:: ABOUT THE AUTHOR ::
As a teenager, Emma Carlson Berne spent most her time reading Edith Wharton and Somerset Maugham. Occasionally, she would take a break for some Thomas Hardy. She was not voted prom queen. Emma grew up in Ohio in a house with a creepy little closet in the attic. She went to a small high school, made a lot of unfortunate fashion choices, and escaped to the University of Wisconsin as soon as possible. She now lives in Cincinnati, where she drinks quite a bit of coffee and sometimes writes.
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:: GUEST POST ::
The Worst Lies I Ever Told
by Emma Carlson Berne
STILL WATERS starts with a lie and the lying continues right through. I don’t want to give away too much, but at the beginning, the only way Hannah can leave town with Colin is by telling her mother a really big, complicated lie. Then she conceals the vacation destination from Colin—which isn’t exactly a lie, but is a deception. And then there’s the lie that. . .well, I don’t want to say any more but basically, the lies just keep on going, right until the end.
So, naturally, all of this got me thinking about lies in general, and the lies I’ve told in particular—especially to my parents.
I have two particularly bad lies—I have to preface this by saying that I was actually a pretty obedient kid and a fairly good teenager. My worst lie from childhood was this sort of weeks-long deception involving my report card. This would have been middle school, and I was horrified to have received a C- in math. I did not want my parents to see this, so I stuffed the report card into the back of my locker. I had no intention of showing it to my parents, ever. Then, to my dismay, I saw that the school had posted “Report Cards, 4/30” or some such, on the notice board outside the school—right off the street where my parents drove every day. I walked around in a cold sweat for about two weeks before my parents finally saw the sign, and asked me for the report card. Then I had to extract it, all crumpled, from the back of my locker. And of course, all the waiting, and the fall-out from the deception, was way worse than just showing it to them in the first place.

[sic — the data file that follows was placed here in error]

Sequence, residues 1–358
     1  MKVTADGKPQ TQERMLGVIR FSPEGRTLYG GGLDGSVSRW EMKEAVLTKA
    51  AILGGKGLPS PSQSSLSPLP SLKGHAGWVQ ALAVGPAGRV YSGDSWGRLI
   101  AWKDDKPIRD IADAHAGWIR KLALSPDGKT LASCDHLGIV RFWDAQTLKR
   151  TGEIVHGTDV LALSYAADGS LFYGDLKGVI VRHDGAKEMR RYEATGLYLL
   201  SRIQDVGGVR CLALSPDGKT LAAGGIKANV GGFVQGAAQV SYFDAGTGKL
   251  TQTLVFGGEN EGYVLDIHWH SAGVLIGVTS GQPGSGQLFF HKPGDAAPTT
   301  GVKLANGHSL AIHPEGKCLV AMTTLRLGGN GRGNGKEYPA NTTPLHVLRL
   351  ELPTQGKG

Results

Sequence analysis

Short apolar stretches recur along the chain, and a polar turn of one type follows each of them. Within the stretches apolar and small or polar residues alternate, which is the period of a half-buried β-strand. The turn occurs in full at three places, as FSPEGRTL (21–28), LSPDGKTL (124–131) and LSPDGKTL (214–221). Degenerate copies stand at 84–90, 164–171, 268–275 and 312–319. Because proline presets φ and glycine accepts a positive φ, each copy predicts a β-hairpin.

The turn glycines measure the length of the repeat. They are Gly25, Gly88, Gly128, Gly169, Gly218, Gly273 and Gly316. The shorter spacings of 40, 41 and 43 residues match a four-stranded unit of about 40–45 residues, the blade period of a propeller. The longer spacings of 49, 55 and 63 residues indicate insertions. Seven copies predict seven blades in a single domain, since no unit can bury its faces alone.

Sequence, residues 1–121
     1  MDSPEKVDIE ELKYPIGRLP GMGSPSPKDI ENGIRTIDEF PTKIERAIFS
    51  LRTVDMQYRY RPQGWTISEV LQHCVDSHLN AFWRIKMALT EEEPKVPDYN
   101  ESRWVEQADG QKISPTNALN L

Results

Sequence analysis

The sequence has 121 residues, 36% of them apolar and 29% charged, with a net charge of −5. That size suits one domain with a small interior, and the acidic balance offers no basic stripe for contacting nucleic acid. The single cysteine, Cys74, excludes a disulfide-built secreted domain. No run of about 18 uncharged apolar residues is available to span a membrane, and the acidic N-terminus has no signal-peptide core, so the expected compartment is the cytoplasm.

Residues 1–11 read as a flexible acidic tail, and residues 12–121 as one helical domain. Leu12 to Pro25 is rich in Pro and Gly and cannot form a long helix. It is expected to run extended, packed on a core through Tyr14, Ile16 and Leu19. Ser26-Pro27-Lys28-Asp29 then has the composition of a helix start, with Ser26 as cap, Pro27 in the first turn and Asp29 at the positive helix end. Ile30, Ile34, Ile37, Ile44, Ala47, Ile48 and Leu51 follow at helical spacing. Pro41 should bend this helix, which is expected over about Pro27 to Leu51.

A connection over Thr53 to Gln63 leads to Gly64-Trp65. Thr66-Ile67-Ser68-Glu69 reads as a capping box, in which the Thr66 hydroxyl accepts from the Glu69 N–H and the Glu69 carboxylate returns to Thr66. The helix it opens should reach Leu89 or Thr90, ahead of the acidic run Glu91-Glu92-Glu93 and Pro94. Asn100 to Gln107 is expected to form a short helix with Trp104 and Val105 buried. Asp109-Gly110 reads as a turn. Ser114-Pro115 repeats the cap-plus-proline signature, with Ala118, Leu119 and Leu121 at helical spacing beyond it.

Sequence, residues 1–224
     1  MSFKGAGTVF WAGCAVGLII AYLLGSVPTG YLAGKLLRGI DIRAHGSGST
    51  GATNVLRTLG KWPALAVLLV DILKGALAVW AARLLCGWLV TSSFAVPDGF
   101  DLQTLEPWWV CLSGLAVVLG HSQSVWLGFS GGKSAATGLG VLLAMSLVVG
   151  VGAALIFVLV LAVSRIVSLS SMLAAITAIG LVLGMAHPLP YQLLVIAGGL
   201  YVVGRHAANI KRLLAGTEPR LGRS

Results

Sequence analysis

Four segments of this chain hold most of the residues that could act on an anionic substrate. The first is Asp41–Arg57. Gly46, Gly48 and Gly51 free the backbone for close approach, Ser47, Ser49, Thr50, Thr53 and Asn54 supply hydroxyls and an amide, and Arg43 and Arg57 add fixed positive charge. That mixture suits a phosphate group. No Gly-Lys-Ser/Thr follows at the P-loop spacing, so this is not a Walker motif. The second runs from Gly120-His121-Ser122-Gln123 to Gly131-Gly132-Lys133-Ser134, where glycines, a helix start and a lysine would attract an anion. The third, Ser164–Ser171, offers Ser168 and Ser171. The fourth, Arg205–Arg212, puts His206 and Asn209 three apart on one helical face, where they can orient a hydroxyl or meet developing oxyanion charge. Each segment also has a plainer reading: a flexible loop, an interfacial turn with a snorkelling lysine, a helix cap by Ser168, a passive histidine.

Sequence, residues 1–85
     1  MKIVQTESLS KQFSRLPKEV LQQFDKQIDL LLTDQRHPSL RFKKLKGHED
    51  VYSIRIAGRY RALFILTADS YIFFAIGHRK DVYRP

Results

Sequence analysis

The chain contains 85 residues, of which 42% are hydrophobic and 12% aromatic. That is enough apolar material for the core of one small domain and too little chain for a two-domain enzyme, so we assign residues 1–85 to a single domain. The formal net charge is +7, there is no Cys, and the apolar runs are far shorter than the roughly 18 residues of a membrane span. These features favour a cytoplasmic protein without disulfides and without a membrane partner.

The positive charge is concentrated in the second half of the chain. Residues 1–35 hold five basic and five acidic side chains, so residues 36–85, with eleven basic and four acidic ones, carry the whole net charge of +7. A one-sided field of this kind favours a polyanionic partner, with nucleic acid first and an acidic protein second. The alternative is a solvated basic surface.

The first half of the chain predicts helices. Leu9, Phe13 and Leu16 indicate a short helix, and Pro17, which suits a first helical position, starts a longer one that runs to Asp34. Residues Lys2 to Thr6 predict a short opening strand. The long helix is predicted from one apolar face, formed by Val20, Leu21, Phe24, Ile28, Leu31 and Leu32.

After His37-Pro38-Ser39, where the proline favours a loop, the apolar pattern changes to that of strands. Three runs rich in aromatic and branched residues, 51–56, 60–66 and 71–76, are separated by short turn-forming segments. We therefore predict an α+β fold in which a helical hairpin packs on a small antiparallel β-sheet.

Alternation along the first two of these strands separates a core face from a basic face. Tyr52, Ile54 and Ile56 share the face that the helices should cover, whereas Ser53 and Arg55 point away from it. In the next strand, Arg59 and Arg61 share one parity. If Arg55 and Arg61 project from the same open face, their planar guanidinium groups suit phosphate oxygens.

My second big lie is from when I was sixteen, and it’s a little more similar to Hannah’s. I’d been sort of seeing a guy who was like a full ten years older than me. In retrospect, I don’t know why a man of twenty-six was interested in a sixteen year-old (actually I do), but at the time, it seemed not at all creepy, just really, really exciting. So, my parents found out and I was expressly forbidden to see him—huge blow-out fight involving screaming and slamming car doors—and so after this, I lied, just flat-out lied to my mother when this guy wanted me to drive to a city three hours away with him one day. I did it, and I can’t even remember where I told her I was going, but I sure as hell didn’t tell her I’d be three hours away with this guy for the whole day.
Actually, I don’t think I’ve ever told her—until now. Sorry, Mom.
How about you? What’s your worst lie ever?
:: ABOUT THE BOOK ::
Still Waters by Emma Carlson Berne
Reading Level: Young Adult
Release Date: December 20, 2011
Publisher: Simon Pulse
Summary: Hannah can't wait to sneak off for a romantic weekend with her boyfriend, Colin. He’s leaving for college soon, and Hannah wants their trip to the lake house to be one they’ll never forget. But once Hannah and Colin get there, things start to seem a bit...off. They can't find the town on any map. The house they are staying in looks as if someone's been living there, even though it's been deserted for years. And Colin doesn’t seem quite himself. As he grows more unstable, Hannah worries about Colin’s dark side, and her own safety. Nothing is as perfect as it seems, and what lies beneath may haunt her forever.
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